It never became a franchise, because it was never looking to become one. District 9 feels like a forgotten relic of an era that wasn’t even all that long ago. It wasn’t about superheroes. It wasn’t an adaptation of a famous book. It wasn’t a remake of an old classic.
District 9 is a film about aliens in refugee/internment camps, investigative journalists, bureaucrats, and the militarized police in charge of the camps. But really, it’s a story about apartheid.
We get a fascinating look into life inside the camps in a found-footage extravaganza of viewpoints. There are suspicions and subplots, conspiracies both real and imagined, casual racism, systemic cruelty, and a smattering of nifty near-future technology.
All wrapped up in the story of one man’s genuine desire to help the aliens he’s charged with relocating, and the consequences that ensue when he triggers an unknown device while intervening on their behalf.
Of course, the film is set in South Africa for a reason. And it substitutes oppressed aliens for oppressed humans because that’s the difference between your movie earring $210M dollars and 4 Academy Award nominations, spreading your message worldwide, and being lauded at an indie film festival and maybe an “in select theaters” release in the US.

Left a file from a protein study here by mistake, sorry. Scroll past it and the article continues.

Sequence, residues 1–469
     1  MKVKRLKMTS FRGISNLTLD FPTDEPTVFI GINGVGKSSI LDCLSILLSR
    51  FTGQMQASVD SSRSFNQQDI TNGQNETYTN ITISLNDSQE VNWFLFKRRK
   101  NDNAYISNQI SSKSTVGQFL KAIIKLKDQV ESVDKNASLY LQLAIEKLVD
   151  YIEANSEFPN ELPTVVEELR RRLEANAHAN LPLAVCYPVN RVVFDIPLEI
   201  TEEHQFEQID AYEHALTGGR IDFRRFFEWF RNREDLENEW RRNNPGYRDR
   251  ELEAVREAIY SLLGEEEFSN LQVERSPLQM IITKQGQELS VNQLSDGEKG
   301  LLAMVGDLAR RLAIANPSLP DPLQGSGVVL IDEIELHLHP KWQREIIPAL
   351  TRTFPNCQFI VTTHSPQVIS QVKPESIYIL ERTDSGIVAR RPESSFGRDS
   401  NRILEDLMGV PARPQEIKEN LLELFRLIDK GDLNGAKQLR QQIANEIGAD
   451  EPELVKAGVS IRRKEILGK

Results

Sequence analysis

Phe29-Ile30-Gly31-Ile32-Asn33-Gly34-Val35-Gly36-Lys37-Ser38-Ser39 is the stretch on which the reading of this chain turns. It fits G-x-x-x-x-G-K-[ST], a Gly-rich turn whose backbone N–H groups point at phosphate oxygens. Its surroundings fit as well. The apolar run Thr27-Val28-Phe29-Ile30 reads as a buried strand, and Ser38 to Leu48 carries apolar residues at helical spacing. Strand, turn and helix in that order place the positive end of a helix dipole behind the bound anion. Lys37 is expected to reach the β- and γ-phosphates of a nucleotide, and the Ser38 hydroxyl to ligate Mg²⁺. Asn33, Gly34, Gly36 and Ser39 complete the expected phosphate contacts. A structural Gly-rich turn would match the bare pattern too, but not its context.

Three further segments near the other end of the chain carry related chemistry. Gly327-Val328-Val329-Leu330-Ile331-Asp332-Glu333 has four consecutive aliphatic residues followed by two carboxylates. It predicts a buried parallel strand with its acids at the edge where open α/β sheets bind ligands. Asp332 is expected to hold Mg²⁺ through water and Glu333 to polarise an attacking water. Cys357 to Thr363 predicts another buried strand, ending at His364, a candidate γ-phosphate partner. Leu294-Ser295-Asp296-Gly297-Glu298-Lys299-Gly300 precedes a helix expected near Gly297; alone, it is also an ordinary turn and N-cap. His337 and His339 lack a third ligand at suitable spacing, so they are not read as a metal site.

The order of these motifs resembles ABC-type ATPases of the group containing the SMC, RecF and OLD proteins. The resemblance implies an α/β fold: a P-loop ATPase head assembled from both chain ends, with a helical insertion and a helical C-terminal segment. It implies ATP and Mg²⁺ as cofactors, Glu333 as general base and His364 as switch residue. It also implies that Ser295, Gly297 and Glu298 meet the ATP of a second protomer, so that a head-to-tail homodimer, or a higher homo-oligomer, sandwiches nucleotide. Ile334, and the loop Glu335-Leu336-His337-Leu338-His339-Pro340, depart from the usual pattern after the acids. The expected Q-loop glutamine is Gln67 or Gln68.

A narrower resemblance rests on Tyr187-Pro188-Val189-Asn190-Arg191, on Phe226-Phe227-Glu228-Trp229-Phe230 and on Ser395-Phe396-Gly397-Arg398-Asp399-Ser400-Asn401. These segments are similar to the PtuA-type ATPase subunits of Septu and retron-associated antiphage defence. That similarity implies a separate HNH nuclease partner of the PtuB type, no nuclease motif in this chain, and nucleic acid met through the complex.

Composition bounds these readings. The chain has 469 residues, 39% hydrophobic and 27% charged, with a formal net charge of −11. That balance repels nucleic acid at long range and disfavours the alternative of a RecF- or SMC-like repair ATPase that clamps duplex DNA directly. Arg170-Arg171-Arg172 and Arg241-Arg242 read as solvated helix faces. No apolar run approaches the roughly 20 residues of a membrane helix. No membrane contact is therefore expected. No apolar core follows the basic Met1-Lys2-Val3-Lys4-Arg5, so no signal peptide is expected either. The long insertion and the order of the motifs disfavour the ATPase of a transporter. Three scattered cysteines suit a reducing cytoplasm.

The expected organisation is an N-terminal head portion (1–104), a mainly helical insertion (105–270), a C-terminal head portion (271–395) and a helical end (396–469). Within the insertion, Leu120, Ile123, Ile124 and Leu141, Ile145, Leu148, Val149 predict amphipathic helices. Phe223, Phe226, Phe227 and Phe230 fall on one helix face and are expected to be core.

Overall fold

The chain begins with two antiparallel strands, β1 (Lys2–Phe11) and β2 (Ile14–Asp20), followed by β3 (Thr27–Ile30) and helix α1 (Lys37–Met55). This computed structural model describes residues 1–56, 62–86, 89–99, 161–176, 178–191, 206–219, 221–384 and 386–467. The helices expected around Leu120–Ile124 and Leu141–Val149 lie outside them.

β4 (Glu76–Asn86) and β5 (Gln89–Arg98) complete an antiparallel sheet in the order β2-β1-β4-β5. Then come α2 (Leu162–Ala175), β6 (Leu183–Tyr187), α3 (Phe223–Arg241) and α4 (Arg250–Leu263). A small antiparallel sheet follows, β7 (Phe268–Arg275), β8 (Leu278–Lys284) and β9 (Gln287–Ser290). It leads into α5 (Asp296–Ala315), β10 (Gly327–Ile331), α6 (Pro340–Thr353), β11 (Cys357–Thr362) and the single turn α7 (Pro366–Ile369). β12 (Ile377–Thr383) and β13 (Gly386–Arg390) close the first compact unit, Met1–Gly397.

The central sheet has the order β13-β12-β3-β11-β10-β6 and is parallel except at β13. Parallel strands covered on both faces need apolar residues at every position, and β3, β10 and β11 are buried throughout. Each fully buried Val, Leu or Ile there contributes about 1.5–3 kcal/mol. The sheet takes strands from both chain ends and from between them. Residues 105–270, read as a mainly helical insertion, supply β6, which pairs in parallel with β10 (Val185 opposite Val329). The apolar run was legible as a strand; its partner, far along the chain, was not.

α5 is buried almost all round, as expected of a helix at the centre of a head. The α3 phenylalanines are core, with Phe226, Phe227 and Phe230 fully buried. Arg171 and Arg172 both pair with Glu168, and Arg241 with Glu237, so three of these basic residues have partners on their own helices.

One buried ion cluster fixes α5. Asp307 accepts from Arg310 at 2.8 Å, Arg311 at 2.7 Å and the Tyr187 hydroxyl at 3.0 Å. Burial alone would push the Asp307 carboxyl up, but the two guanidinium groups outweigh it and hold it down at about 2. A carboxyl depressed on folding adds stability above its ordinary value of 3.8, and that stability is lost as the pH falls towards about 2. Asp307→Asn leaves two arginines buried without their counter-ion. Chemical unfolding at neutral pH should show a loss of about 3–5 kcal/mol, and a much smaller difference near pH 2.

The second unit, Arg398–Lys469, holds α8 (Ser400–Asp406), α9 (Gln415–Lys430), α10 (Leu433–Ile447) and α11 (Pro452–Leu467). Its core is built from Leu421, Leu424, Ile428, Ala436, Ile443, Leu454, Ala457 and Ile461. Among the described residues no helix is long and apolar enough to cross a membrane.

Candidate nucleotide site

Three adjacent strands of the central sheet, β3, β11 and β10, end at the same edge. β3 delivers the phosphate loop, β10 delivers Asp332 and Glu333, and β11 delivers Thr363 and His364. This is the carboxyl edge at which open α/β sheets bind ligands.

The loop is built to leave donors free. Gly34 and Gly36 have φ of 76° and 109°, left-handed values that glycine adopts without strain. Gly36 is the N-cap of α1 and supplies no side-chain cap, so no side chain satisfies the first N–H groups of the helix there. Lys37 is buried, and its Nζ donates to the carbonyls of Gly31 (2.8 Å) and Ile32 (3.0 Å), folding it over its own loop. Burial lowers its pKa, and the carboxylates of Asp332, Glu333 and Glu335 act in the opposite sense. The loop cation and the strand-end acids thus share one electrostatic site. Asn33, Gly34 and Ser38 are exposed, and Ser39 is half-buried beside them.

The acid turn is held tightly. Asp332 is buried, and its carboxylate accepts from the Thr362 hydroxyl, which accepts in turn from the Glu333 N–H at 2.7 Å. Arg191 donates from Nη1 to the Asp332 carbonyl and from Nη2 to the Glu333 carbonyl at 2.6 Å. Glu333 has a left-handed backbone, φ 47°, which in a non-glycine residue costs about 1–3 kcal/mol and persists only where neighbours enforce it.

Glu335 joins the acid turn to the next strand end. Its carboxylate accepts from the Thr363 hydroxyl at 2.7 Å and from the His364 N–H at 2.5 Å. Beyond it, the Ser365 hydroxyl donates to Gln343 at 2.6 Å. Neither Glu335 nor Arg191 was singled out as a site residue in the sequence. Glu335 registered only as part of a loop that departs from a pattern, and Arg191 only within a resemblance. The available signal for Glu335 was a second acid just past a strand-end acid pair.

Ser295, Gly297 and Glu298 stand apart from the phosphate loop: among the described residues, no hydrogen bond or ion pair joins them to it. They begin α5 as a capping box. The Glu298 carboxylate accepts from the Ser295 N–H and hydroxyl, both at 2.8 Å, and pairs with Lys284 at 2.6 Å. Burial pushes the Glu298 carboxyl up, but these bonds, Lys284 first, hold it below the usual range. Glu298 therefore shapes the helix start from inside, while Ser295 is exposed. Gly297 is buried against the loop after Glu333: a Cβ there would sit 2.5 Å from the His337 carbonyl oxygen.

District 9 is funny at times, but mostly it’s chaotic, raw, and a little bit uncomfortable, especially if you’re aware of the historical parallels. But that doesn’t mean it’s not worth watching.
After all, at its heart, District 9 is a story about one overlooked man trying to help, and still get home to his wife at the end of the work day. And the movie blends both levels of the story—the larger social mirror and one man’s struggle to go home—brilliantly.